A team of researchers in Poland who were working on a plant-based squalene alternative in 2013 stressed in their report that "in the interest of protecting biodiversity, raw materials of animal origin must be replaced by alternative sources that respect our environment."
Shark Allies also noted that there are coronavirus vaccines in development that do not require squalene at all and encouraged the development of those alternatives.
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At first glance, you wouldn't think avocados and almonds could harm bees; but a closer look at how these popular crops are produced reveals their potentially detrimental effect on pollinators.
Migratory beekeeping involves trucking millions of bees across the U.S. to pollinate different crops, including avocados and almonds. Timothy Paule II / Pexels / CC0<p>According to <a href="https://www.fromthegrapevine.com/israeli-kitchen/beekeeping-how-to-keep-bees" target="_blank">From the Grapevine</a>, American avocados also fully depend on bees' pollination to produce fruit, so farmers have turned to migratory beekeeping as well to fill the void left by wild populations.</p><p>U.S. farmers have become reliant upon the practice, but migratory beekeeping has been called exploitative and harmful to bees. <a href="https://www.cnn.com/2019/05/10/health/avocado-almond-vegan-partner/index.html" target="_blank">CNN</a> reported that commercial beekeeping may injure or kill bees and that transporting them to pollinate crops appears to negatively affect their health and lifespan. Because the honeybees are forced to gather pollen and nectar from a single, monoculture crop — the one they've been brought in to pollinate — they are deprived of their normal diet, which is more diverse and nourishing as it's comprised of a variety of pollens and nectars, Scientific American reported.</p><p>Scientific American added how getting shuttled from crop to crop and field to field across the country boomerangs the bees between feast and famine, especially once the blooms they were brought in to fertilize end.</p><p>Plus, the artificial mass influx of bees guarantees spreading viruses, mites and fungi between the insects as they collide in midair and crawl over each other in their hives, Scientific American reported. According to CNN, some researchers argue that this explains why so many bees die each winter, and even why entire hives suddenly die off in a phenomenon called colony collapse disorder.</p>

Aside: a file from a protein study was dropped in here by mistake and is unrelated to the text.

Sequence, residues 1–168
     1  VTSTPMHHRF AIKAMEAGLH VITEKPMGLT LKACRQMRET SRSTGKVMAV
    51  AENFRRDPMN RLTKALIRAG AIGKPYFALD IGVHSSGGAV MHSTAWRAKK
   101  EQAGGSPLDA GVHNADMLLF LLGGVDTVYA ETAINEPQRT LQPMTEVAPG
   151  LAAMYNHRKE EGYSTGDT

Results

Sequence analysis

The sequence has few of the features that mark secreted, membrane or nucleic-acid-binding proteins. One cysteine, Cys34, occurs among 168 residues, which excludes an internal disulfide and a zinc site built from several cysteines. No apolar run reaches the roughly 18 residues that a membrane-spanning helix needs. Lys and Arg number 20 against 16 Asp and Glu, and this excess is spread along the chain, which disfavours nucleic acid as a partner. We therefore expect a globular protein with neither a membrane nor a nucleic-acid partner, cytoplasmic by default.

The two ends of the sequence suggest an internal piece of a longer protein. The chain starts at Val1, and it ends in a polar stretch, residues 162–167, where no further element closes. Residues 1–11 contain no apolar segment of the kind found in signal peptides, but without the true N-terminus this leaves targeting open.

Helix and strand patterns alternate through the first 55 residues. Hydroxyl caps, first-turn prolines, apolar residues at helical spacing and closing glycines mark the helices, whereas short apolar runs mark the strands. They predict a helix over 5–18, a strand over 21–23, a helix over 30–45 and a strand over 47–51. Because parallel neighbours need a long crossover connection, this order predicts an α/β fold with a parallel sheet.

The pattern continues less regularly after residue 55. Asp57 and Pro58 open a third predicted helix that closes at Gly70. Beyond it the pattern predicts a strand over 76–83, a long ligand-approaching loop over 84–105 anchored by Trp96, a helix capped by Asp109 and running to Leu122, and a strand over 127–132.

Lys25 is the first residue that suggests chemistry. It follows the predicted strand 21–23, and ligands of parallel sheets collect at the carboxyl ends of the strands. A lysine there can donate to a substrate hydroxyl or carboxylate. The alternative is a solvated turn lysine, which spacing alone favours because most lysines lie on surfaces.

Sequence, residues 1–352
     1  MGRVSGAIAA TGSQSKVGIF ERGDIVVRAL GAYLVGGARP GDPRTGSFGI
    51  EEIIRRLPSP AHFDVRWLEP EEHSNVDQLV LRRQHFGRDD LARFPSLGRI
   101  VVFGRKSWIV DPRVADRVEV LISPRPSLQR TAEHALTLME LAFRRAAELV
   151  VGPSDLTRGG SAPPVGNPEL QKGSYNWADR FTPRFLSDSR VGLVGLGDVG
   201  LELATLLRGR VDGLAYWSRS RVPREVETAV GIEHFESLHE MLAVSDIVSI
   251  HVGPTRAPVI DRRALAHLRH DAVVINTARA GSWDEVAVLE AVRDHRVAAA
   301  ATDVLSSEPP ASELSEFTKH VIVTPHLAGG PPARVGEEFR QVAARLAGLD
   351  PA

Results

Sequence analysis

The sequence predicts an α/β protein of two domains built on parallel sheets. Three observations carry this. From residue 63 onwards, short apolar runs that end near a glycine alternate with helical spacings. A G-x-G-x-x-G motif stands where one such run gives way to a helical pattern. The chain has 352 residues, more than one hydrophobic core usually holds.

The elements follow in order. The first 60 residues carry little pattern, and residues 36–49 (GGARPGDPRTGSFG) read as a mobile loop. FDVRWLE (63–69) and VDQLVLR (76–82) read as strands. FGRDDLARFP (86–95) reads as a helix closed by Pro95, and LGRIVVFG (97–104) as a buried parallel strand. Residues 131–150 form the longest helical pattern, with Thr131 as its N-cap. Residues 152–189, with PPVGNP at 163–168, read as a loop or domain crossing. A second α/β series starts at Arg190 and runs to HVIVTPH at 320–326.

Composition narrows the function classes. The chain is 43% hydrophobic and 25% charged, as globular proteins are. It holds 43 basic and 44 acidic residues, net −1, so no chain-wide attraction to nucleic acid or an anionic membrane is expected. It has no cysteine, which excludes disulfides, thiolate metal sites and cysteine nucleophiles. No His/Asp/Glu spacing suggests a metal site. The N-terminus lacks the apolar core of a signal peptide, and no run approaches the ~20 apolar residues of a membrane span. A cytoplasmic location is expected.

Avocado and almond crops depend on bees for proper pollination. FRANK MERIÑO / Pexels / CC0<p>Salazar and other Columbian beekeepers described "scooping up piles of dead bees" year after year since the avocado and citrus booms began, according to Phys.org. Many have opted to salvage what partial colonies survive and move away from agricultural areas.</p><p>The future of pollinators and the crops they help create is uncertain. According to the United Nations, nearly half of insect pollinators, particularly bees and butterflies, risk global extinction, Phys.org reported. Their decline already has cascading consequences for the economy and beyond. Roughly 1.4 billion jobs and three-quarters of all crops around the world depend on bees and other pollinators for free fertilization services worth billions of dollars, Phys.org noted. Losing wild and native bees could <a href="https://www.ecowatch.com/wild-bees-crop-shortage-2646849232.html" target="_self">trigger food security issues</a>.</p><p>Salazar, the beekeeper, warned Phys.org, "The bee is a bioindicator. If bees are dying, what other insects beneficial to the environment... are dying?"</p>